4. I can eat and drink whatever I want and no one tries to make me feel bad about it. You know, because men are allowed more leeway when it comes to being in shape, or indulging. I’m not expected to “keep my figure,” and in fact, when I do comment about being on a diet or watching what I eat, other men respond with comments meant to make me feel bad or less-than because I don’t want a giant cheeseburger and large fries and Hooters wings and tons of beer all the time.

5. I have less sexual liability. I could literally sleep with as many people as I want to– male or female– and get zero push-back. In fact, I might even get props from other dudes. When I talk about sex, no one (except my doctor) reminds me to “be safe” or “be smart.” I am not judged negatively for talking openly about sex, or sexual partners.

6. I am not subject to “soft sexism.” Being asked to grab someone their coffee or to help clean up after a meeting/gathering/party no longer exists.

I am sure that this list will grow with time– after all, it’s only been a few months that I am in this position, and most people I interact with regularly know me as a trans person. More experiences with folks who don’t know will surely only expand upon the privilege I’m afforded. Meanwhile, folks like Caitlyn Jenner lose much of their individuality and become another “thing to be discussed” by virtue of their transition to female.

Our culture is very strange. Let’s work on that.

How to Talk about Transgender People

I have seen lots (and I mean101 LOTS) of positive outpouring of support for Caitlyn Jenner after her big reveal yesterday. This is heartening and gives me so much hope for the future for trans folk in this country, and eventually the World.

We can’t just talk about trans issues and trans people. We have to talk about the way we talk about trans issues and trans people. The ACLU did an excellent piece today that highlights why we shouldn’t let the conversation stop with discussing how fabulous Jenner looks, without also discussing how hard it is for 99% of trans people to ever attain that level of care.

I’m here to address how the words we choose when talking about trans people affects the tone of conversations and impacts the way trans people are seen by non-trans people (also called cisgender people).

Here are some tips about what to say, what not to say, and things to think about when you’re having a conversation about, or with, a trans person.

Vocabulary

This article does an awesome job of explaining relevant terms like sex, gender, transgender, transsexual, cisgender, sexual reassignment surgery, etc.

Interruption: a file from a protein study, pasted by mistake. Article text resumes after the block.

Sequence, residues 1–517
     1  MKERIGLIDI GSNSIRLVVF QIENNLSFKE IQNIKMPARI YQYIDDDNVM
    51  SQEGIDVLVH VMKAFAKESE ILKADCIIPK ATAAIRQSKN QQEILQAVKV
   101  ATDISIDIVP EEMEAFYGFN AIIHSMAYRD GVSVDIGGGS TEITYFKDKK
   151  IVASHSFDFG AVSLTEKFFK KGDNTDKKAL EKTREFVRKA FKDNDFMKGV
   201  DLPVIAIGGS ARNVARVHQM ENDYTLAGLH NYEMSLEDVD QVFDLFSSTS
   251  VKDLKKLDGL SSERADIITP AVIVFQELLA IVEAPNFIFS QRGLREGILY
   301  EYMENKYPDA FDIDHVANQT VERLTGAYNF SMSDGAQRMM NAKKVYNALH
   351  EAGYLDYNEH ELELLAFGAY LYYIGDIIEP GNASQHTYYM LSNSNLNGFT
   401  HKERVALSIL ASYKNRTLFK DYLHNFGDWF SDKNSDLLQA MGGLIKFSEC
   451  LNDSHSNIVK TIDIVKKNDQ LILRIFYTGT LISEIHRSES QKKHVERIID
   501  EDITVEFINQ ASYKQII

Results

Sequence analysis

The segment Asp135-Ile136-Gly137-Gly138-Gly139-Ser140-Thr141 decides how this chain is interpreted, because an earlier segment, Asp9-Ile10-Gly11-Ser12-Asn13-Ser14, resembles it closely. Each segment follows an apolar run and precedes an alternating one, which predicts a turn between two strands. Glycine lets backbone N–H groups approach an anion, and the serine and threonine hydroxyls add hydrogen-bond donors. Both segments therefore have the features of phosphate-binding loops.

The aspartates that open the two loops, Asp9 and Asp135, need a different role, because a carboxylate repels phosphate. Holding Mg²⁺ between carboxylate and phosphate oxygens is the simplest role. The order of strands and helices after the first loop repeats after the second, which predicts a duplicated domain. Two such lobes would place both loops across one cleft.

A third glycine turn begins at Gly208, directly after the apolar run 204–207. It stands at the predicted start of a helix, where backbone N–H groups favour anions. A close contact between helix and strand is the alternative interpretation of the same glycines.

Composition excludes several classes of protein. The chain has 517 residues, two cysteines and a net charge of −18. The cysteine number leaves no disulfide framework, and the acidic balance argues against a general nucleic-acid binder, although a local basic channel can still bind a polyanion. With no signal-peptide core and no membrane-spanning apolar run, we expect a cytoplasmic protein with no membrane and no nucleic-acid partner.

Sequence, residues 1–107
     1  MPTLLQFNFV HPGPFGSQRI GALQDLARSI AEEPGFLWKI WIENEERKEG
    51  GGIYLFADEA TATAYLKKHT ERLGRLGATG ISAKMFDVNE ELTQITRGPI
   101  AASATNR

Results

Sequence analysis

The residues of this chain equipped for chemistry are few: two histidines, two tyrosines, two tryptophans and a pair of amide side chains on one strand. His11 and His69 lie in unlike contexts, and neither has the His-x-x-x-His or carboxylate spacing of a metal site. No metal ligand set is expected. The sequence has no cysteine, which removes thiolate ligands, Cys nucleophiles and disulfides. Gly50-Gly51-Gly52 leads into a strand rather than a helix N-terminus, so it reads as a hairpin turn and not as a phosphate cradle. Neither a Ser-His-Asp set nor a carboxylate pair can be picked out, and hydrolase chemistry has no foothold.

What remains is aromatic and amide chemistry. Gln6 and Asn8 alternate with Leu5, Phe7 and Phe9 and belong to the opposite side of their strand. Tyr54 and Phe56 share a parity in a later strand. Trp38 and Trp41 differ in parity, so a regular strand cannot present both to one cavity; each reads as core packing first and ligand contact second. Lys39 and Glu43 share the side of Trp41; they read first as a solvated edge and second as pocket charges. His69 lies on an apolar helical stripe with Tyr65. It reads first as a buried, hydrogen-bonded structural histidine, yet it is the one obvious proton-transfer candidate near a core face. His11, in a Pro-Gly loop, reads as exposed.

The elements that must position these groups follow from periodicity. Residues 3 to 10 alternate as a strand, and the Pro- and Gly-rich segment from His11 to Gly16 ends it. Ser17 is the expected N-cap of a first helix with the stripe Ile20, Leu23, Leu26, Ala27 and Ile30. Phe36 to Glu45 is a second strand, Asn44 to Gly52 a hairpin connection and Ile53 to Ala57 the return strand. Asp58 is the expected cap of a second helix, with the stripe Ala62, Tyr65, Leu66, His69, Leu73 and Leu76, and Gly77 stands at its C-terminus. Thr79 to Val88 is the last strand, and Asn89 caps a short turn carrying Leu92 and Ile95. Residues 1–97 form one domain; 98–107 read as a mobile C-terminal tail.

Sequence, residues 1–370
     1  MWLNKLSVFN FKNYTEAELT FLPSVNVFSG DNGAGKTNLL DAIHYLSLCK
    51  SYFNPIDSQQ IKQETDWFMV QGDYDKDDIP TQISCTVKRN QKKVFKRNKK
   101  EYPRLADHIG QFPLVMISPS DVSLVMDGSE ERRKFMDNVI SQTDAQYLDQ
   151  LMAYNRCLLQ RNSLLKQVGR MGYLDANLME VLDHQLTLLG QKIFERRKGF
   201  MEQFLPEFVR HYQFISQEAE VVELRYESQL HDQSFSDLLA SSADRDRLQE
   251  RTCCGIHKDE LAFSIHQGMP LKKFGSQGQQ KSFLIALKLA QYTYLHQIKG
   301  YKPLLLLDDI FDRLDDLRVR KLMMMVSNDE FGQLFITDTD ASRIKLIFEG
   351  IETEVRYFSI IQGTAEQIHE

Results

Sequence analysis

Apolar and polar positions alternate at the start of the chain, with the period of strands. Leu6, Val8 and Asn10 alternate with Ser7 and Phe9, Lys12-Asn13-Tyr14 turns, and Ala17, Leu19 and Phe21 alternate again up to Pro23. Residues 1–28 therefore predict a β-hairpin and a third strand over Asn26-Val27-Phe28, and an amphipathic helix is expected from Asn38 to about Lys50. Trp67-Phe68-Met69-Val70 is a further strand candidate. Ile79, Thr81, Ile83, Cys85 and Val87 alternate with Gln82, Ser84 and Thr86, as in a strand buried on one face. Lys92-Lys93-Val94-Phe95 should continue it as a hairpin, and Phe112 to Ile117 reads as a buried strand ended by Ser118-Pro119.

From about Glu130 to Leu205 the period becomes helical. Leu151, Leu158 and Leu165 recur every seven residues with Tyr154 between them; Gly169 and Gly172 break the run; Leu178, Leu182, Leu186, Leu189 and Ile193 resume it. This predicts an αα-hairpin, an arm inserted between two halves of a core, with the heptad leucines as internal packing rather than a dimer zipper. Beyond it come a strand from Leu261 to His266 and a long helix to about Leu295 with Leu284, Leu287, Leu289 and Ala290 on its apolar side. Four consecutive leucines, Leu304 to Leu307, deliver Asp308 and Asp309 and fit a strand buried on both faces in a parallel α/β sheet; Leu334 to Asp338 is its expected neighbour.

Friendly Tips for Interacting With Trans People

  • Don’t assume a transgender person’s sexual orientation
    Gender identity is not the same as sexual orientation. Sexual orientation is who we are attracted to. Gender identity is about our own personal sense of being male or female. There are straight and gay trans people just like there are straight and gay cisgender people.
  • Don’t guess if someone is transgender just by looking
    Transgender people all look different. They may or may not appear “visibly trans.” You should assume there may be transgender people at any gathering. If you meet someone and you are generally not sure what their gender identity is, you can respectfully ask them “What is your preferred gender pronoun?” See below.
  • Don’t assume someone is a he or she – listen first
    If you’re not sure which pronoun to use, listen to people who know that person well. If you need to ask the person what they prefer, start with yourself. “Hi, I’m Joe and I prefer the pronoun he or him. What about you?” If you accidentally use the wrong pronoun, apologize with sincerity and move on.
  • Don’t ask what their “real name” is
    For some transgender people, being associated with their birth name is a source of anxiety. Respect the name they currently use. If you know the person’s birth name, don’t share it without his or her permission. Likewise, don’t share photos of someone before his or her transition without permission, and don’t ask to see any photos either.
  • Don’t assume everyone knows
    Be careful about outing someone. Knowing a transgender person’s status is personal. It is up to them to share it.
  • Don’t ask about a transgender person’s genitals, surgical status, or sex life
    You wouldn’t ask a non-transgender person about these issues, it’s just as inappropriate to ask a transgender person about these things.
  • Don’t offer backhanded compliments or “helpful” tips:
    • “I would never have known you were transgender. You look so pretty.”
    • “You look like a real woman.”
    • “She’s so gorgeous, I would never have guessed she was transgender.”
    • “He’s so hot, I’d date him even though he’s transgender.”
    • “You’d pass so much better if you wore less/more make-up, had a better wig, etc.”
    • “Have you considered a voice coach?”

Thanks for listening, friends! Be most excellent to each other.